SOMERVILLE | They were always going to hug. The second idea was to add the near-miss. I’m not the kind of storyteller that’s going to dangle that and then not give it, but I think it’s hard to give it in a way that’s as satisfying as it should be unless you talk about the danger of the near-miss, because we all know that one, too, you know? There’s no way in Hell I was ever going to make the show without that hug.
TVLINE | I was kind of hoping we’d get a bit of a postmortem from each of them — like, “I gotta tell you about the wolf, and the department store full of pregnant women, and…”
RHOADES | But you know they did that. That did happen.
SOMERVILLE | Overnight. But the reason that it’s not in the show is because you already know it. We didn’t need to see that, because you already saw it, so we skipped that and got to the goodbye, the heart of the matter, instead, because I think that’s the thing that was new for both of them, the chance to say goodbye knowing they’re saying goodbye to each other. That’s what each of them lost [20 years ago], so the last scene in the show lets our two leads have the thing that everybody didn’t get to have.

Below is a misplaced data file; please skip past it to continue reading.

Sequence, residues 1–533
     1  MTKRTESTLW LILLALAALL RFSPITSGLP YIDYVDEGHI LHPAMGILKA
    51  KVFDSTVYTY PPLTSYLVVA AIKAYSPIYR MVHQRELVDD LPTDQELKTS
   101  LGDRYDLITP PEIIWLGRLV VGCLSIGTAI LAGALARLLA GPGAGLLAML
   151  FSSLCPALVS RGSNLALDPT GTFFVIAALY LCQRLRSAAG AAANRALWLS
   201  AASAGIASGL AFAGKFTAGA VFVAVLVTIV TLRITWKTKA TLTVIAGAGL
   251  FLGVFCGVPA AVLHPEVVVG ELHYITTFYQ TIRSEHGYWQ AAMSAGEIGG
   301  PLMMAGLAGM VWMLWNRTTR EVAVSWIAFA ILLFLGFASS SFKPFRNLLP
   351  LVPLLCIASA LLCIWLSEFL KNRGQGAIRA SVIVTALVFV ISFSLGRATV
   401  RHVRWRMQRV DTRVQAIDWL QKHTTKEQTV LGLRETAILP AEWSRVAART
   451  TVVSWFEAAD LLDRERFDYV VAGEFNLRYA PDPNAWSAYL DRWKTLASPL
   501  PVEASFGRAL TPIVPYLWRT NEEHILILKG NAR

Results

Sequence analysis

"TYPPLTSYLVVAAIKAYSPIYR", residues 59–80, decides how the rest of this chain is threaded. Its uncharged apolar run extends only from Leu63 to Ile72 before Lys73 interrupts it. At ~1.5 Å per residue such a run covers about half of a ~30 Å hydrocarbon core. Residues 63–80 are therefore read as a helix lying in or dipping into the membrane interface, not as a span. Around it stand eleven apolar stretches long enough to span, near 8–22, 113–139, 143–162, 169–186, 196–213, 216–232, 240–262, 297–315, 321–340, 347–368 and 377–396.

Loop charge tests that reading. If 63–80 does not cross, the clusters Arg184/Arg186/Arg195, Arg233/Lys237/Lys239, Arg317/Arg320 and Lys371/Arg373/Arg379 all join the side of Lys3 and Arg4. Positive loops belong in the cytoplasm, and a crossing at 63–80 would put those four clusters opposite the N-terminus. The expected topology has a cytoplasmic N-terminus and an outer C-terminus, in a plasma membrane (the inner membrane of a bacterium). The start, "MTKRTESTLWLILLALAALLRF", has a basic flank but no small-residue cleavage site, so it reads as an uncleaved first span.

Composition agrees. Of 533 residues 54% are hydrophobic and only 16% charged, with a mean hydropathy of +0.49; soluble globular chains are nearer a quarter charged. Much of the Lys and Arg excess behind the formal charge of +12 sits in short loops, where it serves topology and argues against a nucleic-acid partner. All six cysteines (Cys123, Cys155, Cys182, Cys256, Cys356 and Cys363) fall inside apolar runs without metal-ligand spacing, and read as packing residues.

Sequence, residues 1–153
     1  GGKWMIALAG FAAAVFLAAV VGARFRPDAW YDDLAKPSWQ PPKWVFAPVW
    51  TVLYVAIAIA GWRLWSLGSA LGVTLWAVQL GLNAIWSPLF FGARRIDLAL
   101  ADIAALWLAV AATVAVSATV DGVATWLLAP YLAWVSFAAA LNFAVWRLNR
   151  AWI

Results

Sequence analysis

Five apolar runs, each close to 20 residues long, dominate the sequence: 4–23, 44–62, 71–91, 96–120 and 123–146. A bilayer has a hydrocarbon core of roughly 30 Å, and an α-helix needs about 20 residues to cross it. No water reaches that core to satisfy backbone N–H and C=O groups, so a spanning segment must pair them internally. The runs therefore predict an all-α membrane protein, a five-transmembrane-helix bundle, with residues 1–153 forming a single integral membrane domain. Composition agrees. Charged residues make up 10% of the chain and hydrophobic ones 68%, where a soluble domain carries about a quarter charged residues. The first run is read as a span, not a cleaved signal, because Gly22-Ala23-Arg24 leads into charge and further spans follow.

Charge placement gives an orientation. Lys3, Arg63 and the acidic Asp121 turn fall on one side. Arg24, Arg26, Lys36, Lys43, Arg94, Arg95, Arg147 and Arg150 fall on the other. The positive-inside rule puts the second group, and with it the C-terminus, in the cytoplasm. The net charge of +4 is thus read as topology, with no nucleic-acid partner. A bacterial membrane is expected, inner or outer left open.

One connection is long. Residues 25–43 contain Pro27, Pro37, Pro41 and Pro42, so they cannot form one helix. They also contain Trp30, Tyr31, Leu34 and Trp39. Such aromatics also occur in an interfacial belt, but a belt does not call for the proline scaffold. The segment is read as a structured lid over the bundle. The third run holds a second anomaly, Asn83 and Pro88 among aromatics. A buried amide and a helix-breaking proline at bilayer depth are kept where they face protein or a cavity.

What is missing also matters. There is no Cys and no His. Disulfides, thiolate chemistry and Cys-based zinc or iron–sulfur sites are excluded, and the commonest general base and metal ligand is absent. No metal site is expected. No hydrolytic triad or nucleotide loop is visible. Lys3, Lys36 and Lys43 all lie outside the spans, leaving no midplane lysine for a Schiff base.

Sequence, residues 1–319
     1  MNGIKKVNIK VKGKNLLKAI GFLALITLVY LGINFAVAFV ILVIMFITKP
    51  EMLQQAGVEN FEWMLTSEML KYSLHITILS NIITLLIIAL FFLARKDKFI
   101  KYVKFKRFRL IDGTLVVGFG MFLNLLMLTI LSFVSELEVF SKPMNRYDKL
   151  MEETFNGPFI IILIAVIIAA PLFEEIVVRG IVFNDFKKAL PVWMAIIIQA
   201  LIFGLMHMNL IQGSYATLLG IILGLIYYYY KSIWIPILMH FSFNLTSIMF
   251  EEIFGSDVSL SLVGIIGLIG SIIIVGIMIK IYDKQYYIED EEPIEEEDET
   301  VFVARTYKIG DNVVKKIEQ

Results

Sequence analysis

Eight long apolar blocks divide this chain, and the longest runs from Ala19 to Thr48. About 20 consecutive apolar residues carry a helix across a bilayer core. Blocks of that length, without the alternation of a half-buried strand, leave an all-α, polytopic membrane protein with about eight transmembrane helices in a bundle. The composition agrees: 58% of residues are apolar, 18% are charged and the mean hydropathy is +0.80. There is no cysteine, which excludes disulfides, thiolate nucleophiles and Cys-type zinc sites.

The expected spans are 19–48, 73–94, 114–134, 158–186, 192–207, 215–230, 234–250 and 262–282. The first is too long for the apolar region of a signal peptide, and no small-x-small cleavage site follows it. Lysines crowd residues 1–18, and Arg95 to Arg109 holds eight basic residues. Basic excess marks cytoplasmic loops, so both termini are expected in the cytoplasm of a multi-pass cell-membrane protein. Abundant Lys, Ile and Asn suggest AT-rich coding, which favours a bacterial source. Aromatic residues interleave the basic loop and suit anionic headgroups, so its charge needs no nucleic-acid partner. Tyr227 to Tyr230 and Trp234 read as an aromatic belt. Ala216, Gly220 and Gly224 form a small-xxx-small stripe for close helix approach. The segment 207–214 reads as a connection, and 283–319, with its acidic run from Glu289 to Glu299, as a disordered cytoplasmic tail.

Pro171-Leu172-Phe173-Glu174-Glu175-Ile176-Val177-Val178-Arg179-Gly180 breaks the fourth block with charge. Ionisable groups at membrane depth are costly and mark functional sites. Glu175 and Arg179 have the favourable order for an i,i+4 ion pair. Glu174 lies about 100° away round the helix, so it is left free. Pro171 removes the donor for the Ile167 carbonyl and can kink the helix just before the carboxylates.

TVLINE | We saw Kirsten talk the one bomber girl, Haley, out of doing whatever she was setting out to do, but the preceding scene suggested there were multiple kids marching towards the building with landmines. Did they just bail, or did I misread that?
SOMERVILLE | No, you didn’t. They were there at the end when Clark’s saying goodbye to Elizabeth and Tyler, waiting for an order that never came. And the reason it never came is because Kirsten had that conversation with Haley.
TVLINE | And then lastly, for each of you, what was your favorite sequence from the series?
SOMERVILLE | My favorite scene in the whole show is the last scene of the show. [Kirsten and Jeevan] walking and saying goodbye.
RHOADES | There are so many sequences that move me and push me to tears or make me laugh, but to me, it’s the entire “Midnight Train to Georgia” — from when Deborah starting to sing, her reaction with “the Pips” behind her, all the way through the hug, and even during the hug. Again, I can only appreciate this on the 11 thousandth viewing, but to me, in the back of it you see Dan, the new member, is hugging Chrysanthemum … Like, this a family that just lives, and for me, every moment in that sequence strikes a chord.